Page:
I’ve written many posts for broadcasters and voice over artists on breathing, but a review is always helpful, especially during these trying times. (Some of you broadcast students at the University of Massachusetts may also benefit from this information.)
Breathing is the energy for speech. Not having good breath support is like driving a car with watered down gasoline. It won’t take you very far. Good breath support means you can control your exhalation.
Control will allow you to talk for a long time on one breath of air and also use that air to indicate emotional changes, and rate and volume variations. Breath support also prevents trailing off at the ends of your sentences, which can lead to the dreaded glottal fry (click here for more on glottal fry).
Let’s begin with a very simplified look at how the lungs work when we breathe. First, the lungs can’t move themselves. They are moved by the muscles around them. The main muscle is the diaphragm that forms the floor the lungs sit on. The diaphragm and the abdominal muscles allow us to control the release of air as we exhale.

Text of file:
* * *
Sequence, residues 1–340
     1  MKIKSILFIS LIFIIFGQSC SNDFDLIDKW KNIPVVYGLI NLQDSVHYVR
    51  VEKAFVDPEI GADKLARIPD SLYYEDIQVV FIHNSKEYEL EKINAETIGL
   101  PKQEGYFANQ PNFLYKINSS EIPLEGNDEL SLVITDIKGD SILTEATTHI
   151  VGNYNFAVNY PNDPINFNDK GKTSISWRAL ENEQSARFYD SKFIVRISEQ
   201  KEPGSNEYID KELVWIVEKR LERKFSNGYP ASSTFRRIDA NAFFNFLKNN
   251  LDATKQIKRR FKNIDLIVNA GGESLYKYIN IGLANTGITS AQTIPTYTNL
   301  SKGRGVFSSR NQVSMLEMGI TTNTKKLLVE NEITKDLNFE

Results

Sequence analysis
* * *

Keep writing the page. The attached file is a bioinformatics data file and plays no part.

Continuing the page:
But it takes some skill and training to be able to get that abdominal control of the breath. Let’s look at some hardcore exercises that will help create that support.
First, the basic exercise I love for building breath support is to take a deep abdominal-diaphragmatic breath (if you aren’t familiar with this type of breathing, click here for my video that has a full explanation), and then on one exhalation count out loud as high as you can. You should be able to count to at least fifteen. If you can (or can’t) keep doing this exercise and try to add a number each day. Over time you should be able to get to twenty-five seconds or higher on one breath.
One thing that can sabotage your breath support is for air to escape when it shouldn’t, like before you begin to speak or when you pause. Try this exercise: Inhale using abdominal-diaphragmatic breathing. Now, using your pulse as a guide (find this by putting your index and middle fingers on your wrist below your thumb), count out loud for five pulse beats. After five, pause for a beat, and then continue to ten, pause, and count to fifteen. You should be able to do this on one breath of air. If you can’t, pay close attention to see if you’re exhaling before you begin or at the pauses.
Make these exercises part of your week so that your breath support stays strong. For the best delivery, get serious about breath support!